The Brexit is still in the process of taking shape and “the science and research community is understandably concerned about the implications and opportunities of the UK leaving the European Union,” a report by the science and technology committee writes.
According to the committee the current “government’s strategy for communicating these recent announcements is insufficient. Speeches and high-level meetings with stakeholder representatives will not be enough to ensure that messages are received at all levels and by audiences around the world.”
Science should have a strong voice in the Brexit-talks, the committee argues. “The Government is meeting with stakeholders and assembling a high level forum on science and research, but we are not convinced that the needs of science and research are at the heart of the Department for Exiting the European Union’s (DExEU) thinking and planning for Brexit.”
In achieving this, a Chief Scientific Adviser should be part of the negotiations and the interim Chair of UK Research and Innovation (UKRI) should be involved in the talks. “Planning for exit negotiations is still underway, and there remains uncertainty about the future model of the relationship we will have with the EU. Nevertheless, the Government should now act to reduce uncertainty by setting out a vision for science. This should include commitments to raise science expenditure as a percentage of GDP (as we have previously urged).”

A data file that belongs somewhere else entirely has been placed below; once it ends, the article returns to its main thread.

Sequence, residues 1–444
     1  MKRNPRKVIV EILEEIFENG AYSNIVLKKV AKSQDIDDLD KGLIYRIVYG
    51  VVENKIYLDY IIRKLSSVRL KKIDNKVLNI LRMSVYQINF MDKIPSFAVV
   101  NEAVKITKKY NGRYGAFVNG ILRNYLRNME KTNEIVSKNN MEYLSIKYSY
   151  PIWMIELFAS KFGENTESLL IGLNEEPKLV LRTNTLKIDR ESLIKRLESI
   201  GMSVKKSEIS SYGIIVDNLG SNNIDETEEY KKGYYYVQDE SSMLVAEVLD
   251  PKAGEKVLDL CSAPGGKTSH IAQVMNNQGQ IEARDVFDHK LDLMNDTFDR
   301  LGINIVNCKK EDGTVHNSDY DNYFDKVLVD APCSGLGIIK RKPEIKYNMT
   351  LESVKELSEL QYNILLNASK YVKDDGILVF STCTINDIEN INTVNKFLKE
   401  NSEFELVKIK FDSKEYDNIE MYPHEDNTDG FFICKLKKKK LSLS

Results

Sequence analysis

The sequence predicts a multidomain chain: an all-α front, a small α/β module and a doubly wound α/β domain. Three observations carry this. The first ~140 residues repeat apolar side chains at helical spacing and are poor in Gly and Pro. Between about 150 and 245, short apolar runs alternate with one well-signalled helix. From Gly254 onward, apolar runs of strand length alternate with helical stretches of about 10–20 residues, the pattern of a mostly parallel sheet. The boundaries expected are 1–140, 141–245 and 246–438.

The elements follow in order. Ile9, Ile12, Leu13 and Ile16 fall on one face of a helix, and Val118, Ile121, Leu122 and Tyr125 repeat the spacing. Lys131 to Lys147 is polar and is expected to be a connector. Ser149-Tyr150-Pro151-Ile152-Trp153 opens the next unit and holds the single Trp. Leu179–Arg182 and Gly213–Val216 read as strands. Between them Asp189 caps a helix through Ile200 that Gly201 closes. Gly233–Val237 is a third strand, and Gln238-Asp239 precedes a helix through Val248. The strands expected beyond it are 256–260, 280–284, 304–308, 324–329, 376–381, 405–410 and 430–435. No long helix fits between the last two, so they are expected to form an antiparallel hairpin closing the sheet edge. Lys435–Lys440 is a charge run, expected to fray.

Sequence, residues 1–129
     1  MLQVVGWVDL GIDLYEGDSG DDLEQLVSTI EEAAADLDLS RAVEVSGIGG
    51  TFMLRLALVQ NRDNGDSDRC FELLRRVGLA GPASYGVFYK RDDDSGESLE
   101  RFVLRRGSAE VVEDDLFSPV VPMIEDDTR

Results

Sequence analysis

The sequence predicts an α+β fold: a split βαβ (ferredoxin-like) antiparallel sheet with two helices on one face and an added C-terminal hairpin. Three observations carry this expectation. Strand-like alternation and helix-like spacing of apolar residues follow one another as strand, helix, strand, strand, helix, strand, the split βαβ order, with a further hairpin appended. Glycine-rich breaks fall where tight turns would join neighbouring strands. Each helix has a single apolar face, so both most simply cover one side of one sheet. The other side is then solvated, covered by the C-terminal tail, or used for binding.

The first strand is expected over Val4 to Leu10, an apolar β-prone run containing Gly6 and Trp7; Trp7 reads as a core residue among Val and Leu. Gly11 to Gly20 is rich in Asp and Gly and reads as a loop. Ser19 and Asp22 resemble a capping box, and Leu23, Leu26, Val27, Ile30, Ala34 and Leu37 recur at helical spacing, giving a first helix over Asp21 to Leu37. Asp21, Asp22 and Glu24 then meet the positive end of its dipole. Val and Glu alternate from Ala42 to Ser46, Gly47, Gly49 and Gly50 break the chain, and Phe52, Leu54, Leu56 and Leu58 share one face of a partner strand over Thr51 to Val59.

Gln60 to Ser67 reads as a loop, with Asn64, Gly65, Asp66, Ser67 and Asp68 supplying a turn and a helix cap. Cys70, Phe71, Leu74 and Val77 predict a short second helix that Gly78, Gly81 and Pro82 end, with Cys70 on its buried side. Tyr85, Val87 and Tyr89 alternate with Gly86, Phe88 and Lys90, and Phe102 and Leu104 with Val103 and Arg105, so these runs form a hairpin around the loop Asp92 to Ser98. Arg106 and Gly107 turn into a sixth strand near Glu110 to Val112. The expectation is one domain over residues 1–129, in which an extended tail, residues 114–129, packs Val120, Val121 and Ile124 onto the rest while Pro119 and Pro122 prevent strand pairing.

The committee also notes that the negotiations should include measures “to attract skilled researchers and students, to be taken forward in Brexit negotiations separately from immigration controls more broadly, and should include an immediate commitment to exempt EU researchers already working here from any wider potential immigration controls. The Government must also seek to capitalise on the opportunities of Brexit, including in terms of setting regulations to facilitate accessing markets and research collaborations beyond the EU.”
Read the full report here.